[GLOBAL EYE]Both sides are happy - for nowPresident Roh was “an easy man to talk to,” President Bush said, and President Roh was relieved of his initial worries and concerns. This was his first visit to Washington, and he was also nervous about his previous remarks that had irritated the United States.
President Bush’s aides were not without their jitters either. Because they had already heard about Mr. Roh’s straight talk, they were on edge about the possibility of his taking a “you go your way; I’ll go mine” attitude. So they paid close attention to President Roh’s remarks and attitude that, to the relief of the U.S. aides, had changed beginning the day he left Korea.
Those U.S. aides were also assured that Seoul had generally accepted the Bush administration’s stance, which had been communicated in advance, so there was no reason for them to make Mr. Roh uncomfortable during his first meeting.
This was why the dialogue went smoothly. Nevertheless, the tense Korean leader may have felt like having a tall, cold beer after the meeting. But that is the way all summit meetings work. Aides prepare all the documents for an agreement while the leaders exchange good wishes and agree on a general framework. For that reason, there should be no failures in summit talks. As in the meeting of Kim Young-sam and Bill Clinton in late 1993 and that of Kim Dae-jung and George W. Bush three years ago, if anything goes wrong, it’s big news.
So the Washington meeting was a success by that standard; there were no outbursts or incidents. Thorny issues were smoothed over. The result was a joint statement that was a hodgepodge to such an extent that the New York Times derisively called it “vague” and “ambiguous.” But Washington thought highly of Mr. Roh’s changed attitude. Even so, it did not expect a dramatic shift in his stance toward North Korea because it judged that Seoul would not be able to accommodate easily to the consequences of a hard-line North Korean policies. Washington was just relieved that the Roh administration did not resist the unchanged U. S. approach to North Korean nuclear issues. This is why the United States thought just as highly of the first meeting of the two leaders as South Korea did.
The problem lies in the possibility that a peaceful resolution of North Korean issues without using military force could still, depending on the North Korean response, mean sanctions and produce an atmosphere of war threats without waging an actual war. The United States still is suspicious about how much stomach South Korea would have for such a situation.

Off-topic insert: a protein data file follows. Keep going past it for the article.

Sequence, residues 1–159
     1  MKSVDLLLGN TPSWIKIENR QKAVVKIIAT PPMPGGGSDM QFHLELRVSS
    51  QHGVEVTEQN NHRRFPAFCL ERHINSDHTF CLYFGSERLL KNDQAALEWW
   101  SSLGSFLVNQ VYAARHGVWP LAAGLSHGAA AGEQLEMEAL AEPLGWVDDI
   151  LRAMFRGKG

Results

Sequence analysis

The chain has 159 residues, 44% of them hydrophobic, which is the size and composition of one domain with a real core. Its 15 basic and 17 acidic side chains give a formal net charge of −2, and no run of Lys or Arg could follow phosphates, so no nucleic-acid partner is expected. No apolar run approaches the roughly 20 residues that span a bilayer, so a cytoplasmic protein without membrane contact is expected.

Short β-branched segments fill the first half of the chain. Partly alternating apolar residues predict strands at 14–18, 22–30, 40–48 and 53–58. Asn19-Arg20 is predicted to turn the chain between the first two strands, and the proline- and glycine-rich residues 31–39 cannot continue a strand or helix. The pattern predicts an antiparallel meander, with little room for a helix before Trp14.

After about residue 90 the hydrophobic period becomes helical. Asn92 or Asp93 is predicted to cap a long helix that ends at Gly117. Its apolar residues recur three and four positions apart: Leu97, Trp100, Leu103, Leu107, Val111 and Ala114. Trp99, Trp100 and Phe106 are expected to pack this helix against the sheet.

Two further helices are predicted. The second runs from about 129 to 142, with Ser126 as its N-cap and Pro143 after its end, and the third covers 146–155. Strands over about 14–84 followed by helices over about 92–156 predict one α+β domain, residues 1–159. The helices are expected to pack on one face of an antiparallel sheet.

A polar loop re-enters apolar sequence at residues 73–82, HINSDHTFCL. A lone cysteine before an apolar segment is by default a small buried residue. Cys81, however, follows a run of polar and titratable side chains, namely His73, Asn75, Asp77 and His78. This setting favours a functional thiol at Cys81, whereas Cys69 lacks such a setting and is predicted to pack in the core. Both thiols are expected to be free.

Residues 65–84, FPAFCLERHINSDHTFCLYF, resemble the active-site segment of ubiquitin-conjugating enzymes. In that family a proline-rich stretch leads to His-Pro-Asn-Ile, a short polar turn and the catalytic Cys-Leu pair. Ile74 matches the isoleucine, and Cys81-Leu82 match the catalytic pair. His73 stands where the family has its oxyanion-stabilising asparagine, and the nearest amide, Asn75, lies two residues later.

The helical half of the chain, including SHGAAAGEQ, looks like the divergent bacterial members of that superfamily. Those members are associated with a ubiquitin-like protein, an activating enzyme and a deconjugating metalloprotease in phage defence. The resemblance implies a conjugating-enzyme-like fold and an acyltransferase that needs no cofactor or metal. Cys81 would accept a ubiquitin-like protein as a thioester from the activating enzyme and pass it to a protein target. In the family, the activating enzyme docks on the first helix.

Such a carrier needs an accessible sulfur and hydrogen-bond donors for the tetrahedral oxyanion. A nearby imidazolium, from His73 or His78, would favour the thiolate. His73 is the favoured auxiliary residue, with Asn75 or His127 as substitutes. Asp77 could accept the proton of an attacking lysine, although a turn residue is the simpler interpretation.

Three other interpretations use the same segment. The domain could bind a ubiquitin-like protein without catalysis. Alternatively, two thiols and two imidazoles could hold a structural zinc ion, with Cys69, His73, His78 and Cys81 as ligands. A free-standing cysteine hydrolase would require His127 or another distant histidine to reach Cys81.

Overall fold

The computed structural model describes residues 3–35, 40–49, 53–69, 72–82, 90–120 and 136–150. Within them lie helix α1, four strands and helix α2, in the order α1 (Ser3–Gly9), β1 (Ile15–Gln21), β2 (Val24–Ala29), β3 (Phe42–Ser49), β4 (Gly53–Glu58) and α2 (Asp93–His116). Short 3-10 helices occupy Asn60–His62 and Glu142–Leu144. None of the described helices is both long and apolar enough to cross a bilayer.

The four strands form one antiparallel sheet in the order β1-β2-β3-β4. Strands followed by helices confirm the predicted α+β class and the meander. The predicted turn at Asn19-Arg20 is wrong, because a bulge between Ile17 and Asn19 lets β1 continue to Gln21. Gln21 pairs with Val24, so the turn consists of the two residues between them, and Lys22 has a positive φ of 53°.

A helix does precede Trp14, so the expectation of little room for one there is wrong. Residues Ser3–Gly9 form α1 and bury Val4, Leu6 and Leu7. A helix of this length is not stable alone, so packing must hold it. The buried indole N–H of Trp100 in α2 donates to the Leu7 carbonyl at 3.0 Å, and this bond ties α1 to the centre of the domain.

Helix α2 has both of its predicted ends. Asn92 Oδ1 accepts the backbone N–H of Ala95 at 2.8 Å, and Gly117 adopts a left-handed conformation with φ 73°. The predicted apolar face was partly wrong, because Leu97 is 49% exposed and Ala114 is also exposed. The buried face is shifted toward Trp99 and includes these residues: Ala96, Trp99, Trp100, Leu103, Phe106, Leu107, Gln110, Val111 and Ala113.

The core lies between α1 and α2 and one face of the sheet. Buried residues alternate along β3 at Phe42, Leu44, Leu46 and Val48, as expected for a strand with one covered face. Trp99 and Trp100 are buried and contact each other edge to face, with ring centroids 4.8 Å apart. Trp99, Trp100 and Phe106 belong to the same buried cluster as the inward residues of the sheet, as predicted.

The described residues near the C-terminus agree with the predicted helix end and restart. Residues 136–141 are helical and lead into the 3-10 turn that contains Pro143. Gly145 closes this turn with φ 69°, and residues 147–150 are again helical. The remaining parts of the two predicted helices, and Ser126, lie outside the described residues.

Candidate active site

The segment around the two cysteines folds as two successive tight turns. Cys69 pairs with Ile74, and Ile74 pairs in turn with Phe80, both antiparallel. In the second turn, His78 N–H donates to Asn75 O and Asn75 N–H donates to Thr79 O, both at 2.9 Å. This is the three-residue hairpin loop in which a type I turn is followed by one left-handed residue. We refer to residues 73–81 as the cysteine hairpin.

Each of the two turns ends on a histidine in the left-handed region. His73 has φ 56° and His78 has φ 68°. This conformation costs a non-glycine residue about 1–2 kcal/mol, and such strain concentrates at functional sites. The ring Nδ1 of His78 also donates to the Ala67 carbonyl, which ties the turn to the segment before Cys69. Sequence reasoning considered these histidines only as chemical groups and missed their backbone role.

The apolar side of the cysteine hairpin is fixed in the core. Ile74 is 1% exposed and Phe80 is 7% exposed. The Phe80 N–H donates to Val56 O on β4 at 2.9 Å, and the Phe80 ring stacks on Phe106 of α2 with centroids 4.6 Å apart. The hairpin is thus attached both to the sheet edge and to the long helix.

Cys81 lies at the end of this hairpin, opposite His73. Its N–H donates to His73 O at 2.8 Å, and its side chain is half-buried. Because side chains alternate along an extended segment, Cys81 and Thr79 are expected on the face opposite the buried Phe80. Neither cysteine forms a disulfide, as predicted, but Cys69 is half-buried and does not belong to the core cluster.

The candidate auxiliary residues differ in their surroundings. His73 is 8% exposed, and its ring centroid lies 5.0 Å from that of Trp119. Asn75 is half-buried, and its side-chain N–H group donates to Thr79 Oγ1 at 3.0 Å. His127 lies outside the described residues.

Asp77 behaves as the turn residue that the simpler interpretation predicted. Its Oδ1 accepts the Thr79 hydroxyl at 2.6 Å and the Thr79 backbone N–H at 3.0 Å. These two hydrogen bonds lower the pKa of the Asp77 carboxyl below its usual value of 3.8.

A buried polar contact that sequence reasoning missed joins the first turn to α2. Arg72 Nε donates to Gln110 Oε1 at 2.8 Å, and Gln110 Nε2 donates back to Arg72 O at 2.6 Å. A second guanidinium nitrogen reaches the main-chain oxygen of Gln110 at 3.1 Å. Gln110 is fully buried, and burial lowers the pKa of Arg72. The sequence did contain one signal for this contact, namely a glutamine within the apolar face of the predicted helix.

If tensions rise, Washington suspects, South Korea may eventually confront the United States. Therefore, Washington does not pin high hopes on a few words by Mr. Roh. This is not because there remains any distrust between the two allies but because, in reality, South Korea’s “ally” ― the United States ― coexists in hostility with Seoul’s “brethren” on the Korean Peninsula ― North Korea.
Aside from the nuclear problem, the relocation of U.S. forces in South Korea seems to be developing in a totally different way than it has in the past. Earlier, whenever military threats from the North increased, the role of the U. S. forces deployed close to the Demilitarized Zone was in the spotlight.
That is no longer true. Although the expressions in the Washington agreement seem plausibly to guarantee no major moves by the United States, the relocation will surely become a reality before long. U.S. Defense Secretary Donald Rumsfeld said that the North Korean nuclear problem should not necessarily be linked to the issue of relocation of U. S. bases in South Korea.
But we are concerned about the possibility that the relocation could come even earlier if the North’s nuclear problem takes a bad turn. Even the United States had never imagined a strategy in which its relocation of troops to the rear could be used as a means of pressure against North Korea by giving the impression that the move makes U.S. military action easier. But as shown in the wars in Afghanistan and Iraq, the innovations of cutting-edge weapons made it possible to turn to a strategy unimaginable before that time.
In addition, if the United States calculated that a preemptive strike against the North would leave nothing for Pyeongyang to retaliate against except South Korean troops and civilians, that would surely imply a change in the nature of the alliance between the two countries. It may sound extreme, but as South Korea reinforces its military capacity in the future, willingly or unwillingly, our government will have to view its U.S. ally from a different perspective.
* The writer is an editorial writer of the JoongAng Ilbo.
by Kil Jeong-woo